Association Internationale du Film d’Animation
International Animated Film Association

In Memoriam - Gene Dietch

Author: Pencho Kunchev | Date: 4/20/20, 8:28 PM

(L) Deitch with the comic Tom Terrific, (R) Dietch as creative director at UPA (1955)

GENE DEITCH

1924 - 2020

During these anxious days of world coronavirus pandemic, when every person on the earth is concerned about his own health and life, we learned with sadness that on April 16th that Gene Deitch, one of the last legendary representatives of the golden pioneering years of animation cinema, passed away in Prague at the age of 95.

Born in 1924 in Chicago, Dietch began his career in the 1950’s with an apprenticeship at United Production of America (UPA). The modern, unprecedented styles pioneered by UPA influenced Deitch throughout his career. Deitch soon became a creative director at Terrytoons, where he created such characters as Sidney the Elephant, Gaston le Crayon, Clint Clobber and also the TV serial Tom Terrific - an adaptation from his earlier newspaper comic strip. During this time, he received two Golden Medals from the New York Art Directors Club for the Best TV commercials. His advertising animations are the first presented at MOMA in New York.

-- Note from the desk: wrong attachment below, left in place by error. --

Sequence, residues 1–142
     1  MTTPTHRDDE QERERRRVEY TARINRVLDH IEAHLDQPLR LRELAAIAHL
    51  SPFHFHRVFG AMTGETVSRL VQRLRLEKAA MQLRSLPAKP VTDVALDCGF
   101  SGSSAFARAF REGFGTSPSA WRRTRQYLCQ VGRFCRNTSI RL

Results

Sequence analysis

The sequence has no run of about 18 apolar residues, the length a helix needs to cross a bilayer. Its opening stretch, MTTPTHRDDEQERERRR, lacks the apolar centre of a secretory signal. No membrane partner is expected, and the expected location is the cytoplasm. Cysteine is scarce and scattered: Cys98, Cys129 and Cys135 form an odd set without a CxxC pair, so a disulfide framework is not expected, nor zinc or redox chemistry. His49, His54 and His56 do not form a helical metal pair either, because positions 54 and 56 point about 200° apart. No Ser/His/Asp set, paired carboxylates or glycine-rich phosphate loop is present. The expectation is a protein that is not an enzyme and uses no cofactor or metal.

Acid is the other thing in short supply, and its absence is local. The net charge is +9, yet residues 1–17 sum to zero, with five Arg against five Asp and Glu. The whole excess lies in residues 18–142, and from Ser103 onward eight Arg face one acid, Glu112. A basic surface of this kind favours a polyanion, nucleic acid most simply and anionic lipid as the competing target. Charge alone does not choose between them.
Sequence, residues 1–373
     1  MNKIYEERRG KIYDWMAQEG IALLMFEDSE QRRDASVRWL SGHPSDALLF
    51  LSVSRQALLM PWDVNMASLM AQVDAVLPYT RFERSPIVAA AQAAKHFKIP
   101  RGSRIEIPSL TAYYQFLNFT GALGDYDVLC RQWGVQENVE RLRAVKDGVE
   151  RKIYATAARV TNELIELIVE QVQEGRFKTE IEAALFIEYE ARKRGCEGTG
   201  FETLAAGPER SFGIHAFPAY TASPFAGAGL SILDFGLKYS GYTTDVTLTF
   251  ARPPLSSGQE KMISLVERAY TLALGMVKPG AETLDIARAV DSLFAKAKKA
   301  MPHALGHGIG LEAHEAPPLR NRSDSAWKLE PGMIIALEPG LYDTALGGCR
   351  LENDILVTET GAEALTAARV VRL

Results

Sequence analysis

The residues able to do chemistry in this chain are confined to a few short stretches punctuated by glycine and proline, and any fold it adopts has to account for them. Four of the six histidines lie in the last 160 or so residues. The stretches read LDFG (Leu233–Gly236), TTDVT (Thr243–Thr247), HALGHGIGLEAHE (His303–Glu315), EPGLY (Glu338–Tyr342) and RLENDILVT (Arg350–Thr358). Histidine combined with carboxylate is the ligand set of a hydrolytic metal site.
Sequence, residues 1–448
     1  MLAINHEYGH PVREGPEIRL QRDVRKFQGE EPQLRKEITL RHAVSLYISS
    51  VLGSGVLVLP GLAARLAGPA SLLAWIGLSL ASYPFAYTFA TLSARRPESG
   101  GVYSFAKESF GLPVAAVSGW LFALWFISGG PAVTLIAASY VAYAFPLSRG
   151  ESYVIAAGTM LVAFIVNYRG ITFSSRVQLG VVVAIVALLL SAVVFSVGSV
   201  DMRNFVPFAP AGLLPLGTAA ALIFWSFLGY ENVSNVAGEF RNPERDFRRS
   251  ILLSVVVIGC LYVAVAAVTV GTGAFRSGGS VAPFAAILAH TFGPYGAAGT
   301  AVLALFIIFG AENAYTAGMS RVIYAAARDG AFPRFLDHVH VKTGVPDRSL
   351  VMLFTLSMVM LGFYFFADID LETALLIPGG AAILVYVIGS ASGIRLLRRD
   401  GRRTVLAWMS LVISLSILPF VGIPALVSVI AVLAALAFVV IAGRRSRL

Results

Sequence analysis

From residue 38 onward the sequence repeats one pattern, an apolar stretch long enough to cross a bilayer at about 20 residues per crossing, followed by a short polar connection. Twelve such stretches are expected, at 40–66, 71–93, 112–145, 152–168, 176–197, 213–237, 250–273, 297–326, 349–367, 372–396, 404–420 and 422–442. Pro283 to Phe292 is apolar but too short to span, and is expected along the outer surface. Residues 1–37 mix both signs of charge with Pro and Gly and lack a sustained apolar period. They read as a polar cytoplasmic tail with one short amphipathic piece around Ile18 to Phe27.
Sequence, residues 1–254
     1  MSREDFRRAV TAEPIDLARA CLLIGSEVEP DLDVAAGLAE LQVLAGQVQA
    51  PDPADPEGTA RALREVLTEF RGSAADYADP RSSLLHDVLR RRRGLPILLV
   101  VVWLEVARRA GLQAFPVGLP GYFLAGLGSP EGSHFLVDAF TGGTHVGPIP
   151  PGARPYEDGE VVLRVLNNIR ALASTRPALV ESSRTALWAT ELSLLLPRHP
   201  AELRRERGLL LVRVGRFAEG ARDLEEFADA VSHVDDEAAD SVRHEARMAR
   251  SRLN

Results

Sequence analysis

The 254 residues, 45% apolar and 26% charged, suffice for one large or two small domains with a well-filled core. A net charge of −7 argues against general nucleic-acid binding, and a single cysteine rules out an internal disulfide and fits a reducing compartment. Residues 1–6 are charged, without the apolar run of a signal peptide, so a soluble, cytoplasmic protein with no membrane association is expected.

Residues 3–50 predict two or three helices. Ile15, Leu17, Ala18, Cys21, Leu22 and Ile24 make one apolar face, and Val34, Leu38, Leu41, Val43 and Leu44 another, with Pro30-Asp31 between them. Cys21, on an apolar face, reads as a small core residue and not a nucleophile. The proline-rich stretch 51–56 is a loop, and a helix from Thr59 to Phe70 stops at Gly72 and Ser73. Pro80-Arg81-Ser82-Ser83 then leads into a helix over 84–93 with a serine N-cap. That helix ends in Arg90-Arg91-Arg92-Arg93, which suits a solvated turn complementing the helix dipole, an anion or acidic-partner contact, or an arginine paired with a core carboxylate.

In 1958, Deitch started his own studio called Gene Deitch Associates, Inc. producing television commercials and shorts. His film, Sydney’s Family Tree was nominated for an Oscar in 1958. In 1959, Deitch travelled to Prague to direct the short film Munro. After meeting his future spouse Zdena, who became his true companion in life and film making, Deitch settled in Czechoslovakia permanently. Later in life, he observed that he has been “the only free American living and working in Prague during 30 years of the Communist Party dictatorship”. In 1961 Munro won an Academy Award for Animated Short Film.

Working from behind the iron curtain, Deitch directed some films featuring Popeye the Sailor for King Features. Together with Vaclav Bedrich, he directed 13 Tom and Jerry shorts for MGM. At that time, he also directed several films with his animation character, Nudnik, gathering more Oscar nominations for Here is Nudnik and How to Avoid Friendship. In 1966, partnering with colleague and friend Jiri Trnka, Deitch began work on the first ever film adaptation of J.R.R. Tolkien’s The Hobbit, with drawings by Adolf Born. He continued to be a liaison between American and Czech studios from 1969 till 1993. The partnership between Weston Woods Studios in Conneticut and Bratri v Triku Studios in Prague resulted in 37 animated adaptations of famous children’s books, such as Where the Wild Things Are (1973), illustrated by Maurice Sendak, The Beast of Monsieur Racine (1974), and Moon Man (1981), illustrated by Tomi Ungerer. The 1969 film The Giants was made as a Czech production, and awarded the golden Shell at San Sebastian, but could not be shown in Czechslovakia for 20 years because of ideological reasons. Deitch is also author of several Czech animated films for children, such as The Stupid Frog (1971), based on a folk song of Peet Seeger. In 2004 Gene Deitch received Annie Windsor McCay Award by ASIFA Hollywood for his remarkable lifetime contribution to the art of animation.